Technology and the Future of Work

opinionated Essay
4416 words
4416 words

Technology and the Future of Work Every society creates an idealised image of the future - a vision that serves as a beacon to direct the imagination and energy of its people. The Ancient Jewish nation prayed for deliverance to a promised land of milk and honey. Later, Christian clerics held out the promise of eternal salvation in the heavenly kingdom. In the modern age, the idea of a future technological utopia has served as the guiding light of industrial society. For more than a century utopian dreamers and men and women of science and letters have looked for a future world where machines would replace human labour, creating a near workerless society of abundance and leisure. (J Rifkin 1995 p.42) This paper will consider developments in technology, robotics, electronic miniaturisation, digitisation and information technology with its social implications for human values and the future of work. It will argue that we have entered post modernity or post Fordism, a new age technological revolution, which profoundly effects social structure and values. Some issues that will be addressed are: elimination of work in the traditional sense, longevity, early retirement, the elimination of cash, the restructuring of education, industry and a movement to global politics, economics and world government. In particular this paper will suggest that the Christian Judao work ethic with society's goals of full employment in the traditional sense is no longer appropriate, necessary or even possible in the near future, and that the definition of work needs to be far more liberal. It argues that as a post market era approaches, that both government and society will need to recognise the effects of new technology on social structure and re-distribute resources, there will need to be rapid development of policies to assist appropriate social adjustments if extreme social unrest, inequity, trauma and possible civil disruption is to be avoided. Yonedji Masuda (1983) suggests we are moving from an industrial society to an information society and maintains that a social revolution is taking place. He suggests that we have two choices ‘Computopia' or an ‘Automated State', a controlled society. He believes that if we choose the former, the door to a society filled with boundless possibilities will open; but if the latter, our future society will become a forbidding and a horrible age. He optimistically predicts our new future society will be ‘computopia' which he describes as exhibiting information values where individuals will develop their cognitive creative abilities and citizens and communities will participate voluntarily in shared goals and ideas. Barry Jones (1990) says we are passing through a post-service revolution into a post- service society - which could be a golden age of leisure and personal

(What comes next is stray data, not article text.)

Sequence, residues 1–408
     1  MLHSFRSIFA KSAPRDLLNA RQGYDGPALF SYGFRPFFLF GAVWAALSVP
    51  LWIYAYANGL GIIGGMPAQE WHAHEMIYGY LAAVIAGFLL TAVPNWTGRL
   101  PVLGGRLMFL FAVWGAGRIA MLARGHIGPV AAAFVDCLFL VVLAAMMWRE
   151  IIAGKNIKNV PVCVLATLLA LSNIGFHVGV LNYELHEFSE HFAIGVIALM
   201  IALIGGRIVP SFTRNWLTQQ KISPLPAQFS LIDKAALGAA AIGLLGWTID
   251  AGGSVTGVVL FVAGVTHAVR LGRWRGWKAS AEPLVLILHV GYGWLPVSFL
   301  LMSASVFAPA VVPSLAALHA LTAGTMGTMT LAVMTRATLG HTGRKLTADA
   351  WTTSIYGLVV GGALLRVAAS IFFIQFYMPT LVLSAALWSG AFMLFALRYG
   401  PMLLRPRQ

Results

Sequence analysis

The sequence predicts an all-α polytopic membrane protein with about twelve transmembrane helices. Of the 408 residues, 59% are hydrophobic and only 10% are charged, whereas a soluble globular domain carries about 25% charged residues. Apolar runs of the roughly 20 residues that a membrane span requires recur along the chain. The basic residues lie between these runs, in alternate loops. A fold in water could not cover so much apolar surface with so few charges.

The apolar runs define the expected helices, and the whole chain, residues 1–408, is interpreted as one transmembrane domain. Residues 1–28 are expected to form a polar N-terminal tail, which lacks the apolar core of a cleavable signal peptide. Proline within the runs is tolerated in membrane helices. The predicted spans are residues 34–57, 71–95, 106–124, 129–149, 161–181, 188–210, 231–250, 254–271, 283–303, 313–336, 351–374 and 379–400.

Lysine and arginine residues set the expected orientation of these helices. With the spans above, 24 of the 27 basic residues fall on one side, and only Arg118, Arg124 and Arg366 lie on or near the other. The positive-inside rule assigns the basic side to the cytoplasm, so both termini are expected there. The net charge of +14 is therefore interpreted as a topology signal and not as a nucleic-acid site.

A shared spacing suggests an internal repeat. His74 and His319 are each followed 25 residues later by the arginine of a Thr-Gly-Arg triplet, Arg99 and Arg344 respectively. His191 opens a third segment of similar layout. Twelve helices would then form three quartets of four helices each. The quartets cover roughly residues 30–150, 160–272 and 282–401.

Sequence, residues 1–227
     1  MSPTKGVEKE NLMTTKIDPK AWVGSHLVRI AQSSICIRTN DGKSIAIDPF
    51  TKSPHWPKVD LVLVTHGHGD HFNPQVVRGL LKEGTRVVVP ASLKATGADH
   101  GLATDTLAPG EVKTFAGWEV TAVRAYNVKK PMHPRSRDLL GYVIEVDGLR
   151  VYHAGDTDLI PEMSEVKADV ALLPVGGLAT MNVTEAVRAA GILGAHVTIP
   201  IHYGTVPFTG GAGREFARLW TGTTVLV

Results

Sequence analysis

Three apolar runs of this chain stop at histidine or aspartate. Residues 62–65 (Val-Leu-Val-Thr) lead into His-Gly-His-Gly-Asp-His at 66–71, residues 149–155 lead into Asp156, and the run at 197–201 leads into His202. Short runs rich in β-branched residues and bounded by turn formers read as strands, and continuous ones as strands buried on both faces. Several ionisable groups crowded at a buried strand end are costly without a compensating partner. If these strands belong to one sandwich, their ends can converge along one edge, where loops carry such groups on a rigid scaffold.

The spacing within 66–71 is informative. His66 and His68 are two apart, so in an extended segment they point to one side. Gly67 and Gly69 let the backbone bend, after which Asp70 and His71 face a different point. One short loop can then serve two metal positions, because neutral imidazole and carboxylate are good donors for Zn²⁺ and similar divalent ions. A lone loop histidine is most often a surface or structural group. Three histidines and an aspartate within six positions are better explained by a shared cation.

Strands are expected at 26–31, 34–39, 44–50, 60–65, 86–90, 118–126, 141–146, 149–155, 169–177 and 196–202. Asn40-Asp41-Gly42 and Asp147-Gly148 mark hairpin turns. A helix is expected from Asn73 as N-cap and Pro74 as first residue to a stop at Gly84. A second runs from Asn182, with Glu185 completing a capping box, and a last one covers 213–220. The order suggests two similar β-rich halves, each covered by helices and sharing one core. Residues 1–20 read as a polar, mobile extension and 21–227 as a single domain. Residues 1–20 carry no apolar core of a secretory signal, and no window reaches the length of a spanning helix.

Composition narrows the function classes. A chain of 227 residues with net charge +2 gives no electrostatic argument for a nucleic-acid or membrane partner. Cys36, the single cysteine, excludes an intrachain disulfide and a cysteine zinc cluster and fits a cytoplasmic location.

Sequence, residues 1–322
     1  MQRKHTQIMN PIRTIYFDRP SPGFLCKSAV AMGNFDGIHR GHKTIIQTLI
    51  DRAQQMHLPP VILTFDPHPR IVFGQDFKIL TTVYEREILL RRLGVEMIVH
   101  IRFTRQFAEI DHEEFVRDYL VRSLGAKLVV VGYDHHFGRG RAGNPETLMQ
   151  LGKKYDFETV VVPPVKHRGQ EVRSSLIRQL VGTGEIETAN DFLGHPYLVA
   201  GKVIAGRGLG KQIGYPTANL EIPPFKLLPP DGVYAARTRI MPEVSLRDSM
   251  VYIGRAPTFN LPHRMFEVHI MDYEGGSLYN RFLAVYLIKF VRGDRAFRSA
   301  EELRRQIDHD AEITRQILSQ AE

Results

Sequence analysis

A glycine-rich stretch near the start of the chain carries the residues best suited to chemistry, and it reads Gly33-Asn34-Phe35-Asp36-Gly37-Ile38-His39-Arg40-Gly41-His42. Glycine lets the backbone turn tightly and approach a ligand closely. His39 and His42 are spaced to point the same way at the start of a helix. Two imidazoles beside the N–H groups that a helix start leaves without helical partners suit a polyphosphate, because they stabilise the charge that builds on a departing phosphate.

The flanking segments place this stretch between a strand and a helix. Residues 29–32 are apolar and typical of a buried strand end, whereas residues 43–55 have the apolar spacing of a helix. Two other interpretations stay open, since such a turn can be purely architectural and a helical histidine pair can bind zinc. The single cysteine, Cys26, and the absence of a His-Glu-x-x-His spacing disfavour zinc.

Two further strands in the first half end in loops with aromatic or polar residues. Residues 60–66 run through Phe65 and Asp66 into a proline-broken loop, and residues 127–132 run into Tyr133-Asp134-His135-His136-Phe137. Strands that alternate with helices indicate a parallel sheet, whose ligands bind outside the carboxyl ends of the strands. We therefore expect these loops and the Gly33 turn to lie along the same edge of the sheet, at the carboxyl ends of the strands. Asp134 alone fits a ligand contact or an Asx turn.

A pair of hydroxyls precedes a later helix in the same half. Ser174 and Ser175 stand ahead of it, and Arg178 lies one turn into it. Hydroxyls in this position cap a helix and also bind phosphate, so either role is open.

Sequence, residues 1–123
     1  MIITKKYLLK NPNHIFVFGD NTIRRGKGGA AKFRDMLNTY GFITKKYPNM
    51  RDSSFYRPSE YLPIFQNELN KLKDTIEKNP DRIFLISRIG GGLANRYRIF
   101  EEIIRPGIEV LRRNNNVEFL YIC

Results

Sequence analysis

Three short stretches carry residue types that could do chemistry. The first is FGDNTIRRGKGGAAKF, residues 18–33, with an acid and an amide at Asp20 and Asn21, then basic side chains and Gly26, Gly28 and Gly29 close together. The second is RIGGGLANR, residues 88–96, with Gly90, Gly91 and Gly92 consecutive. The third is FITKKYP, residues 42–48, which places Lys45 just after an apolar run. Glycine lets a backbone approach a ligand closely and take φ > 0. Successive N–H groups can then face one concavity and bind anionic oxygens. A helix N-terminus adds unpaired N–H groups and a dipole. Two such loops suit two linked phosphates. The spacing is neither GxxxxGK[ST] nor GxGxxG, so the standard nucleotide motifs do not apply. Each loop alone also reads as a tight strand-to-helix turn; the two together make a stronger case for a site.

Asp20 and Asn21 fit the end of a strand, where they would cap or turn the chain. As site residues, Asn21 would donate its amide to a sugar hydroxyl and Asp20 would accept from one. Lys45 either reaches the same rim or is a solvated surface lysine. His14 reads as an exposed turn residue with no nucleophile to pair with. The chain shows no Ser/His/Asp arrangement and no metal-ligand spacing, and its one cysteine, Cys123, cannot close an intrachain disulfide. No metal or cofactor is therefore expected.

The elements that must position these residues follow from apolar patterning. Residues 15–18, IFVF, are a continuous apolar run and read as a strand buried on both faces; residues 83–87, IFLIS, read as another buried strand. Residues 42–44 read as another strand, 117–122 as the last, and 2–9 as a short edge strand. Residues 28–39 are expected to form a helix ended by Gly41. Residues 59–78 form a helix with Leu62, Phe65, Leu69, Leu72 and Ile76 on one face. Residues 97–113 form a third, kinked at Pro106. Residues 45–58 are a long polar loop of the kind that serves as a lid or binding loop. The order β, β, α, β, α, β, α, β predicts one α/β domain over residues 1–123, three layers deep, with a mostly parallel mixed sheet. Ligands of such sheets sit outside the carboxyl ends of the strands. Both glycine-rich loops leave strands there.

In this essay, the author

  • Opines that every society creates an idealised image of the future - a vision that serves as inspiration.
  • Explains that dreamers, scientists, and women of science and letters have looked for a future world.
  • Describes the implications for human values and the future of work.
  • Argues that the definition of work needs to be far more liberal.
  • Opines that there will be no break with the past, but will see the effect of new.
  • Explains that the post-war baby boom and advances in technology are expected to increase by 2025.
  • Explains that in some countries, the number of men 65 and older who remain in the workforce has fallen.
  • Explains that to consider the possibility of a radical change from the past, they give no hint.
  • Opines that the economic model will continue to work well in the new era.
  • Opines that the failure to automate risks jobs and the introduction of automation.
  • Opines that it will be a very long time before the gains could offset the losses.
  • Opines that surplus labor could be taken up by new industries that in turn would use the surplus labour.
  • Opines that the longer term effects of such a cycle are questionable.
  • Explains that the average american consumes twice as much now as in the 1940s.
  • Analyzes the effects of goods and services on the psyche, with more people with less money, and a trend.
  • Opines that south australia is as high as twenty five and nine per cent for the country.
  • Explains that in the uk, the working week has reduced from eighty four hours in 1820 down to just eight hours.
  • Opines that conventional economic wisdom will not be based on conventional wisdom but is likely to be in the future.
  • Opines that we are entering a period of change in the twenty-first century.
  • Opines that how we do our jobs and educate will affect almost every aspect of our lives.
  • Describes business solutions at a fraction of the usual cost and in shorter length.
  • Argues that we are entering a post-modern era.
  • Analyzes how rifkin (1995) has a similar view, and concludes that he believes the road to an a.
  • Opines that he is optimistic about the post-market era and suggests that the end of work is imminent.
  • Explains that the top 20% of households received 44% of national incomes in 1982, and by 1990 this had risen to 47%.
  • Explains that education for all but a few domestic jobs starts at the ninth grade level, and for those, the hope of being retrained or schooled for an elite job.
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